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Grand Ole Opry: Garth Brooks, Trisha Yearwood, Darius Rucker added to 5,000th Saturday show

The Tennessean (Nashville) logo The Tennessean (Nashville) 9/27/2021 Matthew Leimkuehler, Nashville Tennessean

Garth Brooks and Trisha Yearwood join an upcoming Grand Ole Opry performance saluting 5,000 Saturday nights with the indelible Nashville radio program. 

The Opry announced Monday that Brooks, Yearwood, Darius Rucker and Dustin Lynch — all members of the self-described "show that made country music famous"— lead additions to the previously-announced lineup of multi-generational country talent.

Opry organizers announced last month that Bill Anderson, Jeannie Seely, Connie Smith, Vince Gill, Chris Young, Chris Janson, the Gatlin Brothers and Terri Clark would perform during the landmark broadcast. 

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The Opry celebrates 5,000 Saturday night shows Oct. 30 at the Grand Ole Opry House in Nashville. Ticket information can be found at opry.com/5000

Those unable to attend in-person can tune into one of the night's two planned shows via Circle, the country lifestyle network launched last year by Opry Entertainment Group. Circle plans to livestream the show via select cable providers, Peacock, Facebook, YouTube and Twitter. 

The nearly 96-year-old radio program launched a countdown to 5,000 earlier this summer with celebrity guests from Homer Simpson to Ed Helms helping ring in the Saturday programs leading into Oct. 30. 

More: Darius Rucker: ‘Country music has this stigma ... and that’s changing’

And fans can celebrate 5,000 shows with a new exhibit chronicling nearly 96 years of Opry history. Called "Opry Memories: Celebrating 5,000 Saturday Night Broadcasts," the exhibit features artifacts from Opry stars ranging from Luke Combs to Dolly Parton, Minnie Pearl, DeFord Bailey, Trisha Yearwood and more. Visitors can find this attraction inside the Roy Acuff House, located on Opry grounds.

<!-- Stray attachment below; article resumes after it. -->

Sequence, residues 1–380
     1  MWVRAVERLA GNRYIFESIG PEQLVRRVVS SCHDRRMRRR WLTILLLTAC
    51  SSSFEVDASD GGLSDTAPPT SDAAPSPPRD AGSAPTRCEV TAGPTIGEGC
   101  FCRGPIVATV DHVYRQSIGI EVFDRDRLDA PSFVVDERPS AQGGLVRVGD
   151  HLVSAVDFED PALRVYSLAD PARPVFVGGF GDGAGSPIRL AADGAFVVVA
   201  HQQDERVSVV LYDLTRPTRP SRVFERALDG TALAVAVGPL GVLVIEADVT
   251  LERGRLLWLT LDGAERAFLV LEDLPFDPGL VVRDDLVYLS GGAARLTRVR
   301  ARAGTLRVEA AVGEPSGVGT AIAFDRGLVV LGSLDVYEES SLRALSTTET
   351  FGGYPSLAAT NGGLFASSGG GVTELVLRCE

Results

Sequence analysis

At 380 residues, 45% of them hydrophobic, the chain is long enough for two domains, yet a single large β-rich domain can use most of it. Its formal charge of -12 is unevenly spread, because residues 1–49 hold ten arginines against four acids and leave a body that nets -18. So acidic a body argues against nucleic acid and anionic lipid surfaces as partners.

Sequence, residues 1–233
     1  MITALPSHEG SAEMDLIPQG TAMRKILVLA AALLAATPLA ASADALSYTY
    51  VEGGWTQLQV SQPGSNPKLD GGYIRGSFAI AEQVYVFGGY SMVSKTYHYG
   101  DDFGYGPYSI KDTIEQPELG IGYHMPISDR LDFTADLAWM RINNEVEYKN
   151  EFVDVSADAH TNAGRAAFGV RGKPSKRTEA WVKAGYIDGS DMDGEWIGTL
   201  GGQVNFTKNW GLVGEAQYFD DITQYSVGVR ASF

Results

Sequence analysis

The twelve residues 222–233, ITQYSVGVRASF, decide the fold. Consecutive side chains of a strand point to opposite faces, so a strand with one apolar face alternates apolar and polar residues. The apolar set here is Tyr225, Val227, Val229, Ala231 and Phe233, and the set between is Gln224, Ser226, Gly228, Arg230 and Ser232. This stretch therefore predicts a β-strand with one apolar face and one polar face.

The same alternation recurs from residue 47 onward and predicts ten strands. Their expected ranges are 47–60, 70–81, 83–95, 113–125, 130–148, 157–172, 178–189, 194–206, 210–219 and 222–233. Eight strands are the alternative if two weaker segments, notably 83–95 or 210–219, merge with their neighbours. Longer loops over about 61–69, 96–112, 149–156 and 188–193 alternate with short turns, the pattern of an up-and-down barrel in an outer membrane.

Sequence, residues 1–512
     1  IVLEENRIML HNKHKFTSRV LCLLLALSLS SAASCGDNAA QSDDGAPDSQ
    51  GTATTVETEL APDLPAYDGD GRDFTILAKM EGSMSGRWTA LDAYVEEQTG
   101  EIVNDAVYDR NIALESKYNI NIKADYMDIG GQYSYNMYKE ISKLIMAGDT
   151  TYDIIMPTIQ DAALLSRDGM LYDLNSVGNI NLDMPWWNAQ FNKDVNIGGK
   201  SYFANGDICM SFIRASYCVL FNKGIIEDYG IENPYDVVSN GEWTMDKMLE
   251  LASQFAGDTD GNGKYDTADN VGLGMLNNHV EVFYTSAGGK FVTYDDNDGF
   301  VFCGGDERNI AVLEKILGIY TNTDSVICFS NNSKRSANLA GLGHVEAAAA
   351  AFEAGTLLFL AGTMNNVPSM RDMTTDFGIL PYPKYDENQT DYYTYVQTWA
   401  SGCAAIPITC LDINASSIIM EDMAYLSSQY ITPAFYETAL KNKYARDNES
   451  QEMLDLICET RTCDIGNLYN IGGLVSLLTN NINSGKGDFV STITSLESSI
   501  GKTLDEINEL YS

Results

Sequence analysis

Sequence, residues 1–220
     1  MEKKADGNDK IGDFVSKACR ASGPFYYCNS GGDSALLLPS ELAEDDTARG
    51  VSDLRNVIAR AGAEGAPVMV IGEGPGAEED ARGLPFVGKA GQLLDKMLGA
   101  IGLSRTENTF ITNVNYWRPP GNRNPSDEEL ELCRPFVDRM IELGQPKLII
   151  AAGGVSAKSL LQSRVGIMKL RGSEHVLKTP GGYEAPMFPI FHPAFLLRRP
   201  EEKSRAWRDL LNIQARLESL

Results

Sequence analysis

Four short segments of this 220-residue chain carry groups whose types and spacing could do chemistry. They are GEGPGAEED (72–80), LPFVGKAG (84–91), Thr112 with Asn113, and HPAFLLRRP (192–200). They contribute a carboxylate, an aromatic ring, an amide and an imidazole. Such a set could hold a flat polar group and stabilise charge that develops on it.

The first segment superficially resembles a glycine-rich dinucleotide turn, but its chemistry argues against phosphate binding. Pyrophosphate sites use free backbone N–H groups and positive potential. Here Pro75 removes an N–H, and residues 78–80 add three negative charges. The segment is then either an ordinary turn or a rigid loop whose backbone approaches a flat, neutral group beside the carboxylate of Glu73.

The Opry launched in 1925, when broadcasters aired first aired a barn dance program from the National Life and Accident Insurance Co. building in downtown Nashville.

The program stayed on air through wartime, natural disasters and, most recently, a global pandemic — reaching audiences in-part from a 50,000-watt signal from host station WSM 650 AM. The Opry has only missed two Saturday night broadcasts since launching: In 1945, following the death of former U.S. President Franklin D. Roosevelt, and in 1968, after the assassination of Martin Luther King, Jr.  

Find more information at opry.com

More: Pilgrimage Festival: The best performances of 2021

This article originally appeared on Nashville Tennessean: Grand Ole Opry: Garth Brooks, Trisha Yearwood, Darius Rucker added to 5,000th Saturday show

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